Get Fit in Middle Age to Cut Heart Failure Risk, Study Says
(Date:11/25/2015)... , ... November 25, 2015 , ... Many people know ... fuzzy-headedness, weight gain, cold hands, and dry skin. But many people who find their ... and exercise regimen instead of their thyroid, especially if they don’t have any of ...
(Date:11/25/2015)... ... November 25, 2015 , ... Since ... providing comprehensive solutions involving adult stem cell therapies to patients with chronic degenerative ... “Regenestem” name as a Registered Trademark (RTM). , Organizations are required to hold ...
(Date:11/25/2015)... ... 25, 2015 , ... Bunion Bootie , the newest ... of the early holiday shopping season. Starting Wednesday November 25th, Bunion Booties are ... Friday promotional pricing is in addition to any automatic discounts applied when buying ...
(Date:11/24/2015)... PA (PRWEB) , ... November 24, 2015 , ... ... now certified to offer their patients the many benefits of the revolutionary BIOLASE ... the sharp cutting and scraping tools traditionally used by a dentist in ...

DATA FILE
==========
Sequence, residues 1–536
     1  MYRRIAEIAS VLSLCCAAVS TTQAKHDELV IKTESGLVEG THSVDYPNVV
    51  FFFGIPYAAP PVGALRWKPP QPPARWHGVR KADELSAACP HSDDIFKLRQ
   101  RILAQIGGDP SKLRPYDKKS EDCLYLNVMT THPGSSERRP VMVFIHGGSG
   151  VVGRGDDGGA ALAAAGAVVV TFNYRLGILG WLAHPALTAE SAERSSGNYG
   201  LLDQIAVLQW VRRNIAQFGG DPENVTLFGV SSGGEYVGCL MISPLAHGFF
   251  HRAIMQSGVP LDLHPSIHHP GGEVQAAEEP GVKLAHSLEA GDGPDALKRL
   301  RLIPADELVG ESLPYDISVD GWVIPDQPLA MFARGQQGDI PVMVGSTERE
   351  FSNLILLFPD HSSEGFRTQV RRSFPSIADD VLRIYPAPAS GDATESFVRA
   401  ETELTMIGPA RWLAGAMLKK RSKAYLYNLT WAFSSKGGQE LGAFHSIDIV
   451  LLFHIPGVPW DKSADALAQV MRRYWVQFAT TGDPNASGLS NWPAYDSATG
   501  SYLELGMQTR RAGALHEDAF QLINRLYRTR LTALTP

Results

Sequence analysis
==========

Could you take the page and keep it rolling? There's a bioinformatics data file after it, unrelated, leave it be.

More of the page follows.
(Date:11/24/2015)... ... ... New patients who wish to seek treatment for missing teeth can now ... Mississauga, ON practice. Dr. Williams has been providing dental service for over 34 years, ... teeth can lead to a variety of complications if they are not replaced quickly, ...
Breaking Medicine News(10 mins):
(Date:11/24/2015)... , November 24, 2015 Sectra ... Acadiana has entered into a multi-year agreement to ... centers. This investment will provide the Breast Center a ... Sectra (STO: SECT B) announces that Breast ... agreement to deploy Breast Imaging PACS in its two ...
(Date:11/24/2015)... 2015   HeartWare International, Inc . (NASDAQ: ... support technologies that are revolutionizing the treatment of advanced ... Officer Doug Godshall is scheduled to present ... Conference on December 1, 2015 at 3:00 p.m. ET.  ... New York . ...
(Date:11/24/2015)... and BERN, Switzerland , ... the ARTORG Center for Biomedical Engineering Research of the ... the Division of Endocrinology, Diabetes and Clinical Nutrition of ... the start of an exclusive collaboration to develop a ... algorithm for the personalised delivery of insulin for diabetic ...
Breaking Medicine Technology: